NEW YORK (Reuters) - Global oil markets on Tuesday slumped for a fourth straight session as mounting worries about a supply glut pressured crude prices, which have fallen almost 10 percent this week to their lowest since spring 2009.
Traders said the trend for crude seemed lower but that prices could bounce up whenever there is a break in market sentiment. One such moment occurred on Tuesday when weaker-than-expected U.S. economic data briefly pushed the dollar lower. This brought crude off session lows but only for an about an hour, as the downward path resumed.
Refined products such as gasoline RBc1 and heating oil HOc1 also bounced up briefly in morning trade, rallying as investors took profits on short positions. But products later succumbed to the trend, and gasoline settled 2 percent down.
Crude oil prices have plunged more than 55 percent since June, when benchmark Brent traded above $115 a barrel and U.S. crude above $107.
In Tuesday’s session, Brent LCOc1 settled down $2.01 at $51.10 a barrel. It earlier fell to $50.52, its lowest since May 2009, and less than a dollar away from breaking below the $50 support.
In the first two days of this week, Brent has dropped $5.32, or almost 10 percent.
U.S. crude CLc1 finished down $2.11, or 4.2 percent, at $47.93, after plumbing an April 2009 low of $47.55.
Brent and U.S. crude extended losses in post-settlement trade after the American Petroleum Institute, an industry group, reported builds in gasoline and distillate stocks last week despite a 4 million-barrel drop in crude stocks. [API/S].
The government’s Energy Information Administration will issue official inventory data for last week at 10:30 a.m. ET (1530 GMT) on Wednesday. [EIA/S]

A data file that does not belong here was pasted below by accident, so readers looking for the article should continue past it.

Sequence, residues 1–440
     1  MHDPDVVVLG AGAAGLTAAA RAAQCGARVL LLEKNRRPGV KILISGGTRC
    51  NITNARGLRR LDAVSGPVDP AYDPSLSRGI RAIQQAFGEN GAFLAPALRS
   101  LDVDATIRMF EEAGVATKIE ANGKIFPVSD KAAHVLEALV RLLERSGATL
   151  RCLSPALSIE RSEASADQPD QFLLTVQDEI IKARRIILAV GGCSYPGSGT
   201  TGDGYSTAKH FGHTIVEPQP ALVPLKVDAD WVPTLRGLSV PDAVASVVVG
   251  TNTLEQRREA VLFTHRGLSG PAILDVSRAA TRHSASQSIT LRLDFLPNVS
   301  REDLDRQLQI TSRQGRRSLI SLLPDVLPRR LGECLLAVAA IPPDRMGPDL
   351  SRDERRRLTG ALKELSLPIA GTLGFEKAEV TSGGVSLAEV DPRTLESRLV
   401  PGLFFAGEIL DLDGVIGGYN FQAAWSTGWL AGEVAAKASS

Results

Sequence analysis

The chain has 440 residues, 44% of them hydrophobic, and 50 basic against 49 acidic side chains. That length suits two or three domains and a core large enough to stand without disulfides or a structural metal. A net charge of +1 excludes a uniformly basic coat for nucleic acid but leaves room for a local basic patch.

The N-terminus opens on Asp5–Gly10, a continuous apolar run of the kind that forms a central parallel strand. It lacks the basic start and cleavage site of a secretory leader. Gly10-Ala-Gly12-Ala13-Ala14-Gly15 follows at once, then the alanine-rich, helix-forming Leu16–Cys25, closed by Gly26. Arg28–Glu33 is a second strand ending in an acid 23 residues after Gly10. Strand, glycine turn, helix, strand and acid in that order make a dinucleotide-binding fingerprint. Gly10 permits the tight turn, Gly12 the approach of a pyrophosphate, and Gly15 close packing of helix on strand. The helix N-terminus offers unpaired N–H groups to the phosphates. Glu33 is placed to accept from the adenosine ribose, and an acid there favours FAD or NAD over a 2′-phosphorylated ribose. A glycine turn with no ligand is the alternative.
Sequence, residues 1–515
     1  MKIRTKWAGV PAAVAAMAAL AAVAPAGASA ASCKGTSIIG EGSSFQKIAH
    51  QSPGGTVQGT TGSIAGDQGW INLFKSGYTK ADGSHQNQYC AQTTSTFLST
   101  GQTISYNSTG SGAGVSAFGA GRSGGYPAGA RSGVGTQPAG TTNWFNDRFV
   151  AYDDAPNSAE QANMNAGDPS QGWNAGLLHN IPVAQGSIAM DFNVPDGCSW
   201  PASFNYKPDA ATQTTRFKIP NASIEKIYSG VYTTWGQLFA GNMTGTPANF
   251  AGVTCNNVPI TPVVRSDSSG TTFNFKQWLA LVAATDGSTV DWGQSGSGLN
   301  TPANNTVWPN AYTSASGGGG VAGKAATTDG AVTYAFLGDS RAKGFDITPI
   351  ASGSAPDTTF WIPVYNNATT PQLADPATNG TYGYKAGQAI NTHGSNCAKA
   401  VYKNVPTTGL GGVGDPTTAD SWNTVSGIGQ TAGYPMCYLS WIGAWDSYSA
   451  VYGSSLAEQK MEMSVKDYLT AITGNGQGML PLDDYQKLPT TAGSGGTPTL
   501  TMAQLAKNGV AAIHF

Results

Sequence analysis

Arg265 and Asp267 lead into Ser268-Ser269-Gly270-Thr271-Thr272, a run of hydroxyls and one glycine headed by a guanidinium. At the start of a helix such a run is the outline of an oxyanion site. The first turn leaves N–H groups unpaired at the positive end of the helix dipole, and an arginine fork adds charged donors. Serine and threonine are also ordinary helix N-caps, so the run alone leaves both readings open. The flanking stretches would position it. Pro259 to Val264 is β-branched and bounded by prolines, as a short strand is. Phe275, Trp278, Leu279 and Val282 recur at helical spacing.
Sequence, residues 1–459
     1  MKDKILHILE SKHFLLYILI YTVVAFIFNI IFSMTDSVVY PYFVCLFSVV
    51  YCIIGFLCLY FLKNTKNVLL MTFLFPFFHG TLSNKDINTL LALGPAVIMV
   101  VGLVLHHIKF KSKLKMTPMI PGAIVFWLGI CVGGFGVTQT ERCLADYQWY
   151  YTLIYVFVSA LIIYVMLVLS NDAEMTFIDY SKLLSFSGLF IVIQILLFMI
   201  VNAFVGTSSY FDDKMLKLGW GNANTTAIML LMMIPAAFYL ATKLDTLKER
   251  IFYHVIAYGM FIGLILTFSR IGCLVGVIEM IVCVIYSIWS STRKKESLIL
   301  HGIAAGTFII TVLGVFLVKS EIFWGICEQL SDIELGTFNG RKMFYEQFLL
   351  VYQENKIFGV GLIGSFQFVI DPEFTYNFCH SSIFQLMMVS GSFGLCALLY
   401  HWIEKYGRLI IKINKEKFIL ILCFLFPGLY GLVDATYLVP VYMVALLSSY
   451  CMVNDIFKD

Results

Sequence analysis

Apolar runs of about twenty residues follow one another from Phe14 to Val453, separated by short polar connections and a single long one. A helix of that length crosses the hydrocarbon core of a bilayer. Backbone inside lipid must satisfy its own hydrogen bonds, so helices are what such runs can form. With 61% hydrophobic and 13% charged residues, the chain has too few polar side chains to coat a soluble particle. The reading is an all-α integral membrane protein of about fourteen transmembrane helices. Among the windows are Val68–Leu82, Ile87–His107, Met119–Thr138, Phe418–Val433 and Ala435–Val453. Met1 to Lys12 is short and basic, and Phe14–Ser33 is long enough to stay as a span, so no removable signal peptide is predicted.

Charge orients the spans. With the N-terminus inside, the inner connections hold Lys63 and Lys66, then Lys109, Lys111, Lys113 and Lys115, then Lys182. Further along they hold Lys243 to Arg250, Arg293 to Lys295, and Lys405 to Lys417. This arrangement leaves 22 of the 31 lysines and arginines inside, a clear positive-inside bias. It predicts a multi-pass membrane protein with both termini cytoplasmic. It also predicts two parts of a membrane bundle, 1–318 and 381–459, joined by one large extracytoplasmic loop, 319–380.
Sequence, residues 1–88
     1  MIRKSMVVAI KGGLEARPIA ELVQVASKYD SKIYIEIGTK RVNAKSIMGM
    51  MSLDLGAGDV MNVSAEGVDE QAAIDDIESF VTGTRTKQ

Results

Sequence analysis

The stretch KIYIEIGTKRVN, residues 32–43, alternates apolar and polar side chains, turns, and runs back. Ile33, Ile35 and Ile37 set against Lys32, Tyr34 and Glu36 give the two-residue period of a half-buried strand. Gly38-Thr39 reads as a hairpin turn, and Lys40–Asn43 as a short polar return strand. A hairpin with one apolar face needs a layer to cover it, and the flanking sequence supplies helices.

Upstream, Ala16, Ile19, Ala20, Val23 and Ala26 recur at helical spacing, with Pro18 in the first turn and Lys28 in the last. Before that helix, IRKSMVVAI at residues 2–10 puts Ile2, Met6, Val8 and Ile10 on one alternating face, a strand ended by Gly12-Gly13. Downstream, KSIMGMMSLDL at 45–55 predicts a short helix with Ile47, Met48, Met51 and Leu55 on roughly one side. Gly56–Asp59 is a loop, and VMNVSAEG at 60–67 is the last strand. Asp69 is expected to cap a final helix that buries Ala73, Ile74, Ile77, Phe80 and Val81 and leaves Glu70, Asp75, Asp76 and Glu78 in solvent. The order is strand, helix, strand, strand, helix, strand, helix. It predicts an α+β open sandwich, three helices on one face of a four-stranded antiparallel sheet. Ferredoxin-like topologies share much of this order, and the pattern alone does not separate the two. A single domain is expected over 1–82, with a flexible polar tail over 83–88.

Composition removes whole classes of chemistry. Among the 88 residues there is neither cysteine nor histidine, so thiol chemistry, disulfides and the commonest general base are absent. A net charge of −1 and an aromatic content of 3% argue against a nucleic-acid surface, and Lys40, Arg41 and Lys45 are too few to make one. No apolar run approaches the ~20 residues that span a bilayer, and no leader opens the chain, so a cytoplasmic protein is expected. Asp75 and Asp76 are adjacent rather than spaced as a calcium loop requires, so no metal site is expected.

“I think the likelihood of seeing $46 to $45 is quite likely,” said Phillip Streible, senior market strategist at RJO Futures in Chicago. “People, I think, are further understanding that the U.S. is becoming a powerhouse in creating crude oil and that’s not going to change anytime soon.”
The sell-off in oil began six months ago on concerns of an oversupply of high quality U.S. shale crude. It accelerated after a meeting of the Organization of Petroleum Exporting Countries in November, when Saudi Arabia ruled out production cuts as a means of boosting prices.
On Tuesday, Saudi Arabia’s King Abdullah said in a speech read for him that the country would deal with the challenge posed by lower oil prices “with a firm will,” giving no signs the No. 1 crude exporter will cut supplies.
On Monday, the kingdom’s announcement of further oil price discounts for its European and U.S. buyers added to the bearish state of oil markets already staggering from Russian output at post-Soviet-era highs and Iraqi oil shipments near 35-year highs.
Additional reporting by Libby George in London and Florence Tan in Singapore; Editing by William Hardy, Louise Heavens, David Gregorio and Andrew Hay